Early Career Scientist Leadership Spotlight — Didem Sarikaya
We’re taking time over the following weeks to get to know the members of the GSA’s Early Career Scientist Committees. Join us every week to learn more about our early career scientist advocates.
Co-chair, Career Development Subcommittee
University of California, Davis
I’m interested in understanding how genetic differences that exist between populations of animals affect cellular function and ultimately, an individual animal’s health and survival. Increased access to DNA sequencing has led to a boom in population genetic studies that identify single nucleotide polymorphisms (SNPs) between populations, yet how these mutations affect the gene’s function is still poorly understood.
I study these types of population-level genetic variants in fruit flies to better understand how genes that are extremely important for the development of an animal are changing throughout evolution to manifest in phenotypic differences. In particular, I’m focused on studying genetic changes in genes that regulate Erk and Akt, two kinases that transduce signaling pathways that regulate growth, metabolism, and longevity.
As a PhD-trained scientist, you have many career options. What career paths interest you the most?
I am most interested in positions that will allow me to take part in creating positive environments that advance knowledge, both in research and in creating communities that meet the needs of their members. From my experience, the best research environments respect the needs of the members—especially students—and create spaces where people feel respected and free to pursue their interests both at work and in their personal life.
In particular, I am working towards creating these types of environments as an academic researcher by balancing conducting exciting research with building student/academic communities that are well-rounded. Graduate training can be a time of great personal growth, but it can also have moments of struggle and loneliness. I believe that happy people make for a happy work environment, which enhances the creativity of everyone involved. Creating these types of environments is a high priority for my career.
In addition to your research, how else do you want to advance the scientific enterprise?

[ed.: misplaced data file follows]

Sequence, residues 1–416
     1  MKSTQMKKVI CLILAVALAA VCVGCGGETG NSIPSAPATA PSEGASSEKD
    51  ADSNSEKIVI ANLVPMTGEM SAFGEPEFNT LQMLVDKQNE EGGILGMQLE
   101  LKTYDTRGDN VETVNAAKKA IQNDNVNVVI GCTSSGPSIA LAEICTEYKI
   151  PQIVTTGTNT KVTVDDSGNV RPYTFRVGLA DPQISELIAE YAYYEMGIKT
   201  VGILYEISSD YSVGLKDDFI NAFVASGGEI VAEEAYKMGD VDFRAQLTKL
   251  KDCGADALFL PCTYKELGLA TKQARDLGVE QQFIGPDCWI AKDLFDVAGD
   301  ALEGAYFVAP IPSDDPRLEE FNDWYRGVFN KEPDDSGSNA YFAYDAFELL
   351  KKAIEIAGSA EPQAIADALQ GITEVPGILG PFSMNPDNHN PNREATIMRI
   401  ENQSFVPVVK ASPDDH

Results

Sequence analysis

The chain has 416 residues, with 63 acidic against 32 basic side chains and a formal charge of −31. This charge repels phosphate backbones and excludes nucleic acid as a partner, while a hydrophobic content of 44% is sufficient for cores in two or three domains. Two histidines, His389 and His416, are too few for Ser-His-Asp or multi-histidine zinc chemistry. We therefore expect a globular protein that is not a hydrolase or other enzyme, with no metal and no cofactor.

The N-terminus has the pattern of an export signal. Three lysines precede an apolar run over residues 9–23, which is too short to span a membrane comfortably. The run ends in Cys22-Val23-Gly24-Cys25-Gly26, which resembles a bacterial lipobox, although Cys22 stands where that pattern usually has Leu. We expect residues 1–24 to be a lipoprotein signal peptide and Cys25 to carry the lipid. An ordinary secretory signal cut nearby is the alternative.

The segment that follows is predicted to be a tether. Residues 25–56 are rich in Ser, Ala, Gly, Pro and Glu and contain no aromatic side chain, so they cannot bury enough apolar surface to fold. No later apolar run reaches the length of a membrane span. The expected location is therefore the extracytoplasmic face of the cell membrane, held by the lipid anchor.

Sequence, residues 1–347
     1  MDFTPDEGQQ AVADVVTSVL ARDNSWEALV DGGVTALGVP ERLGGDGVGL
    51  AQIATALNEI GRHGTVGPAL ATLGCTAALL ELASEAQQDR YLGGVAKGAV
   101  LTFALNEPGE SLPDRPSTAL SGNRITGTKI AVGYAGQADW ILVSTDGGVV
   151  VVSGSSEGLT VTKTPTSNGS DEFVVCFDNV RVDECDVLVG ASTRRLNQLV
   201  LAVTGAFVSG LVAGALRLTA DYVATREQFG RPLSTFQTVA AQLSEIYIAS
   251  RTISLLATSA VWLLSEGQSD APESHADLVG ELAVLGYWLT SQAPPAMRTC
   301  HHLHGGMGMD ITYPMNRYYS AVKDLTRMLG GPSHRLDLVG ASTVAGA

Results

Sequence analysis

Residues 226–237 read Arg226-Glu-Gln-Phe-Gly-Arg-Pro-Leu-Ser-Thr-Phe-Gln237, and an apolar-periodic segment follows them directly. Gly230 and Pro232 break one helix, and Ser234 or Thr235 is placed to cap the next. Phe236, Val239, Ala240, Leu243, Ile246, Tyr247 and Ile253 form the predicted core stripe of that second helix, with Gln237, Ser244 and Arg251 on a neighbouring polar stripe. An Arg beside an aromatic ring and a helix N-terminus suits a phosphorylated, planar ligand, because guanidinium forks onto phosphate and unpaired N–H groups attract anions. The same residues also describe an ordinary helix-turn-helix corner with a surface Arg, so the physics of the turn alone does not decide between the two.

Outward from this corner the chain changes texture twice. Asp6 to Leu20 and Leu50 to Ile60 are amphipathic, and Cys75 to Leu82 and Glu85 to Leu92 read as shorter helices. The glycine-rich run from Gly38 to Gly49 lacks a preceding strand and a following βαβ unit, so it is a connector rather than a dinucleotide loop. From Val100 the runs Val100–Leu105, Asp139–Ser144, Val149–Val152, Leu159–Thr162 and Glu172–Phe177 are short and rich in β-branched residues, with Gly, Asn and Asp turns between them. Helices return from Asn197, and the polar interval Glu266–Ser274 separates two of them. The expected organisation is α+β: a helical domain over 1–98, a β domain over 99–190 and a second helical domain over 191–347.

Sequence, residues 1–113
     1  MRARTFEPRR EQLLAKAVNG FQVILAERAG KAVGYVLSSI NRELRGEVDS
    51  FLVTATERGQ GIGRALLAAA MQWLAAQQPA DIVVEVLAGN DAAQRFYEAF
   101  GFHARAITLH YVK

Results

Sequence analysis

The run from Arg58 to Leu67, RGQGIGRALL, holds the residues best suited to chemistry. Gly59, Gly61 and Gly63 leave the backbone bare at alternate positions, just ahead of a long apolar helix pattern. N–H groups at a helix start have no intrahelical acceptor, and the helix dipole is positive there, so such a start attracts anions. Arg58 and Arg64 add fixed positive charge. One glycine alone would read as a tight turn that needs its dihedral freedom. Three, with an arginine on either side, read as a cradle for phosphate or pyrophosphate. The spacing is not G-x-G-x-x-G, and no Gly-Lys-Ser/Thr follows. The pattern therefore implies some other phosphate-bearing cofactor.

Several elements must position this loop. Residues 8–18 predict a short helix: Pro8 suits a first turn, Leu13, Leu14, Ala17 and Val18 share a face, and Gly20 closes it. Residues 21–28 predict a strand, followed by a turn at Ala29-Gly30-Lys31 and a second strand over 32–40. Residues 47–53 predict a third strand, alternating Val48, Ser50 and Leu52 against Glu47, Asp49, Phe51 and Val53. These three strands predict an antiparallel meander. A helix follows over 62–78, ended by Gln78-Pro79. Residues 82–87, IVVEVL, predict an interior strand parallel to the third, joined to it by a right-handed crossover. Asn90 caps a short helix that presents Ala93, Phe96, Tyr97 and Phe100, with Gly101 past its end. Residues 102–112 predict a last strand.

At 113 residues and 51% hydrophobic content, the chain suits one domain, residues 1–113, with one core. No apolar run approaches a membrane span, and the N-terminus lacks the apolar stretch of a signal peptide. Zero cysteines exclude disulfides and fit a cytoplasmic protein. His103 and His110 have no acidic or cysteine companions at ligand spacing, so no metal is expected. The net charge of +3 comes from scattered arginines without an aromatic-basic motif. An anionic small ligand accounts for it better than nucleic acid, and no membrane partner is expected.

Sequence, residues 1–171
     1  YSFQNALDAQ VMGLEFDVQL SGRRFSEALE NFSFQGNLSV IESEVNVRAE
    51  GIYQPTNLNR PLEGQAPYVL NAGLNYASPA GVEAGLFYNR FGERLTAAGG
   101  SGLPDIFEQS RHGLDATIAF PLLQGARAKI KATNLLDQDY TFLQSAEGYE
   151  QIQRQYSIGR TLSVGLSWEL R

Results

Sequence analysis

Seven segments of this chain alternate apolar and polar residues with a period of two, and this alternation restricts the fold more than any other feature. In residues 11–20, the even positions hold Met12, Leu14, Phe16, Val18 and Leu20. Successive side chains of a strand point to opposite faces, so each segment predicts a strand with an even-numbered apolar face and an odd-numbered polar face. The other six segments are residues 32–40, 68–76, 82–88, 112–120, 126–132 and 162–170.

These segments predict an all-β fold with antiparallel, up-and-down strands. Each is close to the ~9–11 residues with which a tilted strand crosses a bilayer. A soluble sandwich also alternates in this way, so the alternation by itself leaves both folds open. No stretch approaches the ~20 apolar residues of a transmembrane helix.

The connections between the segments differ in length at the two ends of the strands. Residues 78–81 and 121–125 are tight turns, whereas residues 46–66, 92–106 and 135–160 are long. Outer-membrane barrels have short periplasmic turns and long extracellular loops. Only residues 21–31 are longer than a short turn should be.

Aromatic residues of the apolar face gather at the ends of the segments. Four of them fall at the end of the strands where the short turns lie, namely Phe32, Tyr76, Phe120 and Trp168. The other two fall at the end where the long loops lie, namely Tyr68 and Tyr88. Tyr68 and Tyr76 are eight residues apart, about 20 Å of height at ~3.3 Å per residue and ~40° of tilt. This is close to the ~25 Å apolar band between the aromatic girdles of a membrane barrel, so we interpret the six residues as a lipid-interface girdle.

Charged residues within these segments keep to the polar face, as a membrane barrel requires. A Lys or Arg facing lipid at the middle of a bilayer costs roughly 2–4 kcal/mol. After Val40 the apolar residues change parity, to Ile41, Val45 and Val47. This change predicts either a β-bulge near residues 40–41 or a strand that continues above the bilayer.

My childhood was split among Canada, Turkey, Japan, and the US, and I spent most of my life feeling foreign, to some degree, in any setting. Feeling like you don’t belong can be a strong deterrent to being able to put forth your best, and you can find yourself spending energy trying to say the right things or act in the “correct” way.
I still vividly remember the process of learning to speak and present the right way within the scientific community, and I feel strongly about pushing forward programs and dialogues to improve diversity and inclusivity in academic environments. I recently organized sessions around diversity and inclusivity as part of Women in Life Sciences at UC Davis (WiLD) in the fall of 2016, inviting a specialist in academic programs for diversity and an economist who focuses on how people make hiring decisions. The two speakers had very different backgrounds, which led to a very lively discussion because we were able to learn about techniques, successes, and failures from different angles. Being part of facilitating these discussions is something I would like to continue to do as part of advancing the scientific community.
As a leader within the Genetics Society of America, what do you hope to accomplish?
I have been a GSA member since the beginning of graduate school, and I thought it would be exciting to continue bringing together perspectives from different fields in a larger platform. As part of the Career Development Subcommittee, I will be helping launch an interview series featuring people at various stages of their careers—from undergraduates to people holding senior positions in academia and industry. I am particularly interested in hearing about the common struggles that exist across all stages and about how to build skills to overcome these challenges. It has been surprising to me to realize how similar our struggles with things like time management and communication skills continue to be as we move further into our careers. Learning about the experiences of people from various backgrounds can help us better understand the source of the struggles and perhaps identify new techniques.
Another goal of mine is to highlight the shifting priorities and responsibilities of different career paths. Graduate programs provide a variety of skills that are valuable for many different fields, and it can be difficult to narrow on a specific path at times. I think learning about how different scientists have made decisions as their career path developed will be a very valuable way for trainees to structure their vision for their own career.
In addition to the interviews, we will be working to deliver infographics/blog posts/handouts that include career development and hiring tips. Behavioural psychology studies indicate that seemingly simple changes to word choice and information display can have profound impacts on how we perceive a candidate. We are planning to gather data to help young scientists craft better documents for their job searches and to help senior scientists gain better skills in hiring.
Previous Leadership Experience:
- Organizer – UC Davis Women in Life Sciences Group
- Organizer – Harvard University Graduate Student Canadian Club
- Graduate Student Representative – Harvard University GSAS Graduate Student Association